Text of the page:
Bowel cancer and its treatment can affect your sex life and how you think and feel about your body.

Your sex life

Your diagnosis, treatment and side effects may affect your sex life. It can also affect how you think and feel about your body (body image). Difficulties often improve slowly after treatment, although for some people it may take longer.

If you have a partner, you may both find it takes time to adjust to any changes. Most people can go back to their usual sex life. But some people find their surgery or the side effects of treatment prevent that.

You may feel insecure and worry about whether your present or future partner will find you attractive, especially if you have a stoma. It is normal to feel like this when you are adjusting to body changes.

Information for men

Men may find that treatment has damaged the nerves that go to the sexual organs. If this happens, a man may not be able to have or maintain an erection. They may also have problems with orgasm and ejaculation. There are treatments available that can help men have erections, such as:

  • tablets like sildenafil (Viagra®)
  • vacuum pumps
  • pellets inserted into the penis
  • implants.

It’s important to discuss this with your doctor as soon as you notice a problem. Treatment can often be more effective when it is started sooner.

We have more information about sex life and fertility for men.

Information for women

Women may also find that treatment has damaged the nerves that are important for sexual function. Sometimes this causes problems with arousal and orgasm. This may improve over time, but sometimes it is permanent.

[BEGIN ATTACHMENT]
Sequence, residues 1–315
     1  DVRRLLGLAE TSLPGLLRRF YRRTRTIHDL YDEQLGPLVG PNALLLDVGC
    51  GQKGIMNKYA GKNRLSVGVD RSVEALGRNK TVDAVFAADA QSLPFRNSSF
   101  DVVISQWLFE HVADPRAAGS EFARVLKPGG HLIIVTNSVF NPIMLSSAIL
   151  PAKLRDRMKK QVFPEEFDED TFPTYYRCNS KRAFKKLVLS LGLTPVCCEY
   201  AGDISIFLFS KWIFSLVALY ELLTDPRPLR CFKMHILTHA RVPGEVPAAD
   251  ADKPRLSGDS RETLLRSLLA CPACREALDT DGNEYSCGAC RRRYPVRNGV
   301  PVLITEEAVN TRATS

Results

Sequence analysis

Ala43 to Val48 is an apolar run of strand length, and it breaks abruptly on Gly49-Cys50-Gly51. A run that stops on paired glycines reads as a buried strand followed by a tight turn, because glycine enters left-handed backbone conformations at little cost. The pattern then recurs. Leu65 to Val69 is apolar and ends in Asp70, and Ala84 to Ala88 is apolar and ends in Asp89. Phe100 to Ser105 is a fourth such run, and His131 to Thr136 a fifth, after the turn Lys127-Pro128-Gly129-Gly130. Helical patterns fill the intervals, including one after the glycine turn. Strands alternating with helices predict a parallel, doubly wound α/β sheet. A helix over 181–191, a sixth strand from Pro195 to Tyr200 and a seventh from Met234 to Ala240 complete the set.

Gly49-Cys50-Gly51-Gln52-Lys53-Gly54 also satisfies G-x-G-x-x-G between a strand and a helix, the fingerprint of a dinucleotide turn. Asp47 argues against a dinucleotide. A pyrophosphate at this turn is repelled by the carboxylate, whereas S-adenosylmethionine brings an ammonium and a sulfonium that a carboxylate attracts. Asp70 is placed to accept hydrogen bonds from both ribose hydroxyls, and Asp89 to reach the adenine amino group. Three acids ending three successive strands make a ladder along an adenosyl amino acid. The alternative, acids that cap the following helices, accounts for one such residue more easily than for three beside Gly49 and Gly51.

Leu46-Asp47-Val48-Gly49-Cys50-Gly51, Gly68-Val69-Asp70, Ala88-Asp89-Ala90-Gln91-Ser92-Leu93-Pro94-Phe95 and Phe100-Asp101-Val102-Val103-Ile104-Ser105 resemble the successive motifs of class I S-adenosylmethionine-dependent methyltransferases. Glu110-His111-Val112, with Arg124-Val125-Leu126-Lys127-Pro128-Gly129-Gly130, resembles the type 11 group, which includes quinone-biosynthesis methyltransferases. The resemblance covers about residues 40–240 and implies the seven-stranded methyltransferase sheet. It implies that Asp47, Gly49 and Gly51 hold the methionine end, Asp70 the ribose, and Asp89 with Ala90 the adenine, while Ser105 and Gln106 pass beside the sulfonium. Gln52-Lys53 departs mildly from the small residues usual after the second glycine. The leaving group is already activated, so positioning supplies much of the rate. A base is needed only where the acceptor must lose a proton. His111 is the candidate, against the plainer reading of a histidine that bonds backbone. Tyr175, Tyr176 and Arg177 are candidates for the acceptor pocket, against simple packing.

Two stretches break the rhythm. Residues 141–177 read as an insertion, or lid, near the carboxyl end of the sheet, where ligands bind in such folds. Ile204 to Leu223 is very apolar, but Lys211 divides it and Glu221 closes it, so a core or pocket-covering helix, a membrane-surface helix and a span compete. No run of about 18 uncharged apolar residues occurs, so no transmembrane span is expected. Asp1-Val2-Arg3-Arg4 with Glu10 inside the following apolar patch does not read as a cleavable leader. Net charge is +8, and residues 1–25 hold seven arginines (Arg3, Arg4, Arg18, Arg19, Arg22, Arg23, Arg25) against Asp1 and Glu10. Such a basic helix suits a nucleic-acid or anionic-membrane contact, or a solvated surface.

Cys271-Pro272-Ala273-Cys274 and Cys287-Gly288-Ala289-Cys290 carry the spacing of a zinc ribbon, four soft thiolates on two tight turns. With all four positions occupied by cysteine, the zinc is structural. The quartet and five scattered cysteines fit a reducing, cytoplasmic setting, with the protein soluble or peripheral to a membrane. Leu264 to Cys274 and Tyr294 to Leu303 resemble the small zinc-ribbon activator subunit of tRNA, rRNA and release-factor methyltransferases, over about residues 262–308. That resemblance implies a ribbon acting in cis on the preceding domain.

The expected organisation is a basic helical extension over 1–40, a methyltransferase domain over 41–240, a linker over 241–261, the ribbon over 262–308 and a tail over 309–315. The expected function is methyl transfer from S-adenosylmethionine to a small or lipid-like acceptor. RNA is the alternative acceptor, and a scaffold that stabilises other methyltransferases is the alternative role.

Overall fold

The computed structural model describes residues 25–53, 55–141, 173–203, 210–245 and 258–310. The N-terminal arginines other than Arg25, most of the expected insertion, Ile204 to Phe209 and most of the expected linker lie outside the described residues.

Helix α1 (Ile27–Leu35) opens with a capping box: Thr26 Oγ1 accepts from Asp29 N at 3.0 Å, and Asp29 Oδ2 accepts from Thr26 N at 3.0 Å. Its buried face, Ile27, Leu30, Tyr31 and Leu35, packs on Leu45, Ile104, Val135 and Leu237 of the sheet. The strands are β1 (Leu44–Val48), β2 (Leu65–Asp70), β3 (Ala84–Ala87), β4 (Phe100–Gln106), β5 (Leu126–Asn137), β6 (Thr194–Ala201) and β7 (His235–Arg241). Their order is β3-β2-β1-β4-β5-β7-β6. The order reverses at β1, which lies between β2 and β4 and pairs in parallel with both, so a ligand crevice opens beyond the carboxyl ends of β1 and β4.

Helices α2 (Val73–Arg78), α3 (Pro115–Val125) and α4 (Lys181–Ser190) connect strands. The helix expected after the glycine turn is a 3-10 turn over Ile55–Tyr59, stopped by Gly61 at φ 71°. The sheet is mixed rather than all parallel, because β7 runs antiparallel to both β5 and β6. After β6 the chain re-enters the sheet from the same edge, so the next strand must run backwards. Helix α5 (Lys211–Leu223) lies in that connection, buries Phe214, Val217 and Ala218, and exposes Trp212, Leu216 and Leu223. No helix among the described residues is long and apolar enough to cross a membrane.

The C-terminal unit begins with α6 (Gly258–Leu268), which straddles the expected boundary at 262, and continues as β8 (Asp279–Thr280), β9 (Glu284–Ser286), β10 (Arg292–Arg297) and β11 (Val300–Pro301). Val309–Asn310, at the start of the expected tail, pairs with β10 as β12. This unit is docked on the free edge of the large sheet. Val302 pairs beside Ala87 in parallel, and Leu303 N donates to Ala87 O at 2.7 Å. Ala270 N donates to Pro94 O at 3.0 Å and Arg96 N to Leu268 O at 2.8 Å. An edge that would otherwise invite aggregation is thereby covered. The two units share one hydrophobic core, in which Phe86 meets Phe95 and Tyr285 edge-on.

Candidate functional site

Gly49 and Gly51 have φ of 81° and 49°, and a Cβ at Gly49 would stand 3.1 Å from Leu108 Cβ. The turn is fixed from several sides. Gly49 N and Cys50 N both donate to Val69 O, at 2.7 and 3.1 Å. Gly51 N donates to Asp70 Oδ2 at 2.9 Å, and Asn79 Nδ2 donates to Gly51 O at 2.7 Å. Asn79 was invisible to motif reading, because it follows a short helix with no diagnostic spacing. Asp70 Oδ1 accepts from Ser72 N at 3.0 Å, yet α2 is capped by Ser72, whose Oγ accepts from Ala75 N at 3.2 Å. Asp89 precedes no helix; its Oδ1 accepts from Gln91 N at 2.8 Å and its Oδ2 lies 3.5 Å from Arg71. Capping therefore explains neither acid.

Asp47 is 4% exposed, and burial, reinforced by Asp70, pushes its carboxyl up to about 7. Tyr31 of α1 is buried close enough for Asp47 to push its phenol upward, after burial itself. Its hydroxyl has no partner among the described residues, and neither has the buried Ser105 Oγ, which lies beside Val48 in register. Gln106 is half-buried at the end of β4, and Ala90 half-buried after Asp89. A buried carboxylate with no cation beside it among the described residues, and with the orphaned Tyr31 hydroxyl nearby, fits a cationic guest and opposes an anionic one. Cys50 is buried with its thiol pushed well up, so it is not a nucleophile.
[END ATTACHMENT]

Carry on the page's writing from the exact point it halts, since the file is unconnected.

If you have any of these problems, talk it over with your doctor or specialist nurse. They can offer the best advice and may refer you for a specialist assessment. Taking HRT can help if you have problems caused by menopausal symptoms.

We have more information about sex and fertility for women.

Anal sex after treatment

Surgery to remove the anus means anal sex and anal play are no longer possible. If the anus has not been removed but you have had radiotherapy, you may need to be cautious with anal sex. The tissues in the area may be fragile and less able to heal. It may make anal sex uncomfortable or impossible. Your doctor can tell you more about this.

How we can help

Macmillan Cancer Support Line
The Macmillan Support Line offers confidential support to people living with cancer and their loved ones. If you need to talk, we'll listen.
0808 808 00 00
7 days a week, 8am - 8pm
Email us
Get in touch via this form
Chat online
7 days a week, 8am - 8pm
Online Community
An anonymous network of people affected by cancer which is free to join. Share experiences, ask questions and talk to people who understand.
Help in your area
What's going on near you? Find out about support groups, where to get information and how to get involved with Macmillan where you live.